i got to see Trilok Gurtu play w / John McLaughlin trio at the Mountain Winery venue near San Jose, CA and it remains one of my favorite percussion performances ever. I love Oregon - have one of their Winter Light CD, which was w/ original percussionis t .
In 72 my mother brought me to Paul Winter Consorts. She said they had just played at the White House for President Nixon. I was 12 and was sure I would hate them. I was blown away. Ralph’s guitar was thrilling. I have been playing sense 6. There was this huge square set of drums hanging from logs lashed together. And a two sided xylophone type instrument sitting on the floor protruding out of the stage. The music from Road, to this day gives shivers. Love these guys!
In '71 my future wife turned me on to the pre-Oregon "Road" by Winter Consort (thanks Janet) - I believe recorded '69, the 1st recording of Towner's "Icarus", a live version. Since then McCandless has been a personal favorite. If his fans are interested, his collaboratio n '94 with Bela Fleck on Acoustic Planet album and tour. Also 2000 "Head West" by Comotion with Anger/Marsha l l duo. These are exceptional multi-genre projects, and if you haven't, do yourself a favor and seek them out. PEACE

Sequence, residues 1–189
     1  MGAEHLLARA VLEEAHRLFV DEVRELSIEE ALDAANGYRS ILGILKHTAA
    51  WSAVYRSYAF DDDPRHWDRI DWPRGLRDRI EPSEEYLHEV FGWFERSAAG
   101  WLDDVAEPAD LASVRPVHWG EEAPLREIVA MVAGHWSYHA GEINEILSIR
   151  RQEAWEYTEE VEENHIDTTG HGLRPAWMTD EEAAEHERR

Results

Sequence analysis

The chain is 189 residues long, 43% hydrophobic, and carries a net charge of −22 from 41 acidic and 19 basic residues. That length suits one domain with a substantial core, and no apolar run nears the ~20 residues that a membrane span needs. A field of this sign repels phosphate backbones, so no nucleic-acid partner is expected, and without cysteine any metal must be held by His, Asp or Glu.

garyo
Agree w/ all, need "out of the woods" but Oregon always was totally original. The Walcott era was the "real" Oregon in my book, though Gurtu's excellent in other combos. (He's too loud and in front for Oregon in my taste).

Saw them at Harvard just before Walcott's death; it was simply transcendent . The audience was held in such rapt attention that the end of the song was like coming out of a long dream.
seen oregon in nyc mid 70s so much music so much time and so affordable to see tons of performances . i love the comment page get to learn and reminisce.
trawill
Where on earth are "Out of the Woods" and "Roots in the Sky"? Those are BY FAR their best albums. When they went electric the music suffered.
The Oregon live compilation was great. I'm disappointed that they don't have "Out of the Woods" in the discography.
One of my all time favorites is their Oregon Live compilation, it took you there and allowed you to stay.
I agree with Mr. French about the lackluster discography above, even though I am a big fan of the early music and continue to listen to it. I'm also a fan of Trilok Gurtu, although generally I think Mark Walker has been a better percussionis t for this ensemble. The most recent material is spectacular, and it's good to hear the group revisit some of their easlier compositions and give them a fresh reading. The most trenchant comment is also Mr. French's: "They're completely unique."
odessa2pasha
i agree,but my #1 is "roots in the sky"
They're completely unique. The discography here is lacking; except Prime & Beyond Words, it's all 70s era; there's lots of brilliance inbetween. Many of us were dismayed at Walcott's death, and feared Oregon would dissolve... but I recall the first concert I saw after Gurtu joined: the piece "Ecotopia" was met with spontaneousl y prolonged, grateful applause, as if we all realized at that moment that Oregon was BACK, and would continue rewarding us with the music only they could make.